<event-handler name="Home"> <broadcasts> <message name="getAuthenticated" /> </broadcasts> <views> <include name="body" template="dspBody.cfm" /> <include name="main" template="dspTemplate.cfm" /> </views> <results> <result name="notAuthenticated" do="Logon" /> </results> </event-handler>

What has changed here? I added a new message, getAuthenticated. I added a new result. The name of the result, notAuthenticated, means, only run this result if the notAuthenticated result was returned from the controller. As you can probably guess, my controller will either return authenticated or notAuthenticated. In my case, I only really care if the user is not authenticated.

Now we need to make the controller listen for the event. You may ask - why do I need to do this? What else is going to listen to my events? Well, the Model-Glue sample application only has one controller, but a Model-Glue production application may have many. You will also see that we can tell the controller to listen to event “foo” but call method “goo”. This is nice in case our controller changes as it lets us keep our events using the older event name. So go up to your controllers block, go to myController, and after the onRequestEnd message, add a new one for getAuthenticated. The entire block will look like this now:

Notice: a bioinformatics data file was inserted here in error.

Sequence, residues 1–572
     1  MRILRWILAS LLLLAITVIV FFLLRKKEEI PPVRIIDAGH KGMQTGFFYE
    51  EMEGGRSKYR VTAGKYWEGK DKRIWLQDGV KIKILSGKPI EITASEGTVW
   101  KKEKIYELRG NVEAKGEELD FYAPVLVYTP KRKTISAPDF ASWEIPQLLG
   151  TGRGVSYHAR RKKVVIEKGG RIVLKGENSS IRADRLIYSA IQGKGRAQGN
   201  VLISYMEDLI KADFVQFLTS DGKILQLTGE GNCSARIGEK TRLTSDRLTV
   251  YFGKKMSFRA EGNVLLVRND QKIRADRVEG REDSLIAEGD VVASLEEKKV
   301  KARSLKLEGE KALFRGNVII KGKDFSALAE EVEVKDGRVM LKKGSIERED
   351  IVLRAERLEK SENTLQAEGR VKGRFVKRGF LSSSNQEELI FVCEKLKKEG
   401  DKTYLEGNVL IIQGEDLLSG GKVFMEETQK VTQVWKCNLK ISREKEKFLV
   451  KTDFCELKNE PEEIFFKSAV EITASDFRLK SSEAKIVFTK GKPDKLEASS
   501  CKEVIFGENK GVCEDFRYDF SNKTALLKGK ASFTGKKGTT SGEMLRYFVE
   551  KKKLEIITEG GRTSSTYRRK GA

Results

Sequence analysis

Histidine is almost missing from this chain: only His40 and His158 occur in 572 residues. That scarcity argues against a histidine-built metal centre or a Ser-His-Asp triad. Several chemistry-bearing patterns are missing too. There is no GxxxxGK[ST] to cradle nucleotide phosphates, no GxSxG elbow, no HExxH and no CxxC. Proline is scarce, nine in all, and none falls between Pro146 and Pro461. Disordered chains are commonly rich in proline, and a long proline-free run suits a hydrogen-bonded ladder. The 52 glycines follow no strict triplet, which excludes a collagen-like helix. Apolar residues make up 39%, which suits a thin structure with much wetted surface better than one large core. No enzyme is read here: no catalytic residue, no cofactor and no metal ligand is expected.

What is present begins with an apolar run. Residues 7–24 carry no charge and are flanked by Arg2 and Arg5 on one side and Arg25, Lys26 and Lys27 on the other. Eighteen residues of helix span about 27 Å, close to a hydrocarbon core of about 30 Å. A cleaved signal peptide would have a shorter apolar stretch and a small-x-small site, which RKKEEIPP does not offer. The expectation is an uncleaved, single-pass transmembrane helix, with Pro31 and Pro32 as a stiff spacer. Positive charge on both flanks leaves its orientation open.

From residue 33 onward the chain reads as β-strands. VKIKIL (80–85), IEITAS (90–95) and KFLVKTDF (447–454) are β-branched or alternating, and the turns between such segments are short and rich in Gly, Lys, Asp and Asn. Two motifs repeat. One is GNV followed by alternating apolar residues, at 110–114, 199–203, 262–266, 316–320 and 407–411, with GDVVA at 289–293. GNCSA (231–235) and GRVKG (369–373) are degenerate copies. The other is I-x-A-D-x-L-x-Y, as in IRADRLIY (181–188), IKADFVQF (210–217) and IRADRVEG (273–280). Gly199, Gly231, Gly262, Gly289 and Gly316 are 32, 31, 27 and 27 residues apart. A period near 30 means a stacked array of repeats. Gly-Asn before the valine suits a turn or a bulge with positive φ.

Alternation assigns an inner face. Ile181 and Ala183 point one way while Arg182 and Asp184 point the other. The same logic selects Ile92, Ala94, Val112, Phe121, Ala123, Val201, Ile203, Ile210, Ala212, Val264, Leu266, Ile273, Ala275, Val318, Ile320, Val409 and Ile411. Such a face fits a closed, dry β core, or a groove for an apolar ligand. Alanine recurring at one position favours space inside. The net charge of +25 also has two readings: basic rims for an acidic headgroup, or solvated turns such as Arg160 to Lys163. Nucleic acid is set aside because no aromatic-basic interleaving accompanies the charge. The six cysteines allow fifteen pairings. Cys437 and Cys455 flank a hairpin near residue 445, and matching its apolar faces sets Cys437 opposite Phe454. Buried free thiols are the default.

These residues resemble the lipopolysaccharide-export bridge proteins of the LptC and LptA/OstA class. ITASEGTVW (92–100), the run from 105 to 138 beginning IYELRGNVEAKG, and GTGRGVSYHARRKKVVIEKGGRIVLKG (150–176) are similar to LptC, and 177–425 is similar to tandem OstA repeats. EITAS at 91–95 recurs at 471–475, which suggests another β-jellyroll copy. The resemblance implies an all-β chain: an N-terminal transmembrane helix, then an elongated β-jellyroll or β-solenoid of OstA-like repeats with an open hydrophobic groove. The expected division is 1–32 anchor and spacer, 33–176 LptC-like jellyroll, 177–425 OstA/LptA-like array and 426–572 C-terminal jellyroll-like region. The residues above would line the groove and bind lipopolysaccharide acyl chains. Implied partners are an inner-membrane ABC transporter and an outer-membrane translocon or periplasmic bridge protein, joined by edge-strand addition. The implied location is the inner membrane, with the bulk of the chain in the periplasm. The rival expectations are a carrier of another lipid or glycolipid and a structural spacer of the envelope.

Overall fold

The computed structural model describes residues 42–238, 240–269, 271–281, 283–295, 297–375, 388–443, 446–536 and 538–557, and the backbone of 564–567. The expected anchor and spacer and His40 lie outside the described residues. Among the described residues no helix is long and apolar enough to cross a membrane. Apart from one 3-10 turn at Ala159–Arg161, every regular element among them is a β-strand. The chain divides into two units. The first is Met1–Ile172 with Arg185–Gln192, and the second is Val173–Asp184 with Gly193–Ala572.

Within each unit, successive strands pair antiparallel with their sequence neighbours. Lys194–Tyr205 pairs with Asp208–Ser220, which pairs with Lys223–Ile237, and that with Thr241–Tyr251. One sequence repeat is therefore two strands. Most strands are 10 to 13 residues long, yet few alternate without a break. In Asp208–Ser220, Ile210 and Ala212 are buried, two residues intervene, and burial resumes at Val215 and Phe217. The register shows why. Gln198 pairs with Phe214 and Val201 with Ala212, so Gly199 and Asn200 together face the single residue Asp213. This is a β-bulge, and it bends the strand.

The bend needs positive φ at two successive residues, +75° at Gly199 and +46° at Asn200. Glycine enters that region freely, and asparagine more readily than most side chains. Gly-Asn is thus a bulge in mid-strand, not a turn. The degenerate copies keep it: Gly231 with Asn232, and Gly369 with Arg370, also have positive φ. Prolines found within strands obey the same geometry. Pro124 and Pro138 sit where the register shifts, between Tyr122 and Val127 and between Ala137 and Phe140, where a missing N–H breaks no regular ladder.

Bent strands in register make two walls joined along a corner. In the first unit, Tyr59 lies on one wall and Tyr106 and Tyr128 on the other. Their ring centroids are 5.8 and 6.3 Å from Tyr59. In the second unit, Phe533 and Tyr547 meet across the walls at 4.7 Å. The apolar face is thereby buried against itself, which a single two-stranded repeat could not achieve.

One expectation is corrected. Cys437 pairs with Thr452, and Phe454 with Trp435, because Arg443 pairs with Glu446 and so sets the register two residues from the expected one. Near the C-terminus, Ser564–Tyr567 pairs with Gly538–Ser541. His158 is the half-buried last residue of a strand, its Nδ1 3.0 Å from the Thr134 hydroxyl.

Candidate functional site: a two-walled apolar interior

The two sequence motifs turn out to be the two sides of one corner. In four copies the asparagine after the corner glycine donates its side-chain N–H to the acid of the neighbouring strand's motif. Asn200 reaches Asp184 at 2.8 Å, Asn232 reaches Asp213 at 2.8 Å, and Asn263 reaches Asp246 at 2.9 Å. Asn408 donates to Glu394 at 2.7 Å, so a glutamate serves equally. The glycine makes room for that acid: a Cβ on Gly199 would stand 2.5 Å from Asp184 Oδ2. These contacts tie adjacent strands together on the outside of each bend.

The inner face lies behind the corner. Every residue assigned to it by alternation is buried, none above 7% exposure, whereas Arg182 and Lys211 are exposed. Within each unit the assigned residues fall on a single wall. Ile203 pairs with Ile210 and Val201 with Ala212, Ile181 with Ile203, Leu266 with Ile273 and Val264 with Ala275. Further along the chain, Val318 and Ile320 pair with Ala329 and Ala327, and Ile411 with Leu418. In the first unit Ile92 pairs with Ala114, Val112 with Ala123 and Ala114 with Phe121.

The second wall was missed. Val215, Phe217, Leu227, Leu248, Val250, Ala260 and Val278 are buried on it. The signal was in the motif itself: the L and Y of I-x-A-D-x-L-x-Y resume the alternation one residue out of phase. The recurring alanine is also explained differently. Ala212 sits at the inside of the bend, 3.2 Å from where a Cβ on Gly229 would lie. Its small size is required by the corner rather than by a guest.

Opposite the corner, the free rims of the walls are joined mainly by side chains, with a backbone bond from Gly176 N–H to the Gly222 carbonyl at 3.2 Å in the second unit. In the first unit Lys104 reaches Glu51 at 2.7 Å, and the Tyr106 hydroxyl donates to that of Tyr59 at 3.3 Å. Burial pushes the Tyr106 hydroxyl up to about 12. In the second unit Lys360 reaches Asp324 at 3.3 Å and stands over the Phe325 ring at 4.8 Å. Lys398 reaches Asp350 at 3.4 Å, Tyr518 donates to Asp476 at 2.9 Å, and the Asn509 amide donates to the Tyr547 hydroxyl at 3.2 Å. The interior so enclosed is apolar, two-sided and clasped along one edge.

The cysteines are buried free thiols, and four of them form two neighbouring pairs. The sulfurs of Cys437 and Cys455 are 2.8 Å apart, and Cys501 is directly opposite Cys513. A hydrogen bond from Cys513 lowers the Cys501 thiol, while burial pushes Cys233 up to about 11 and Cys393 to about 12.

<controllers> <controller name="myController" type="controller.Controller"> <message-listener message="OnRequestStart" function="OnRequestStart" /> <message-listener message="OnRequestEnd" function="OnRequestEnd" /> <message-listener message="getAuthenticated" function="getAuthenticated" /> <!-- Message-Listener Template <message-listener message="BroadcastMessageName" function="ControllerFunctionToFire"> <argument name="AnEventArgument" value="aValue" /> </message-listener> --> </controller> </controllers>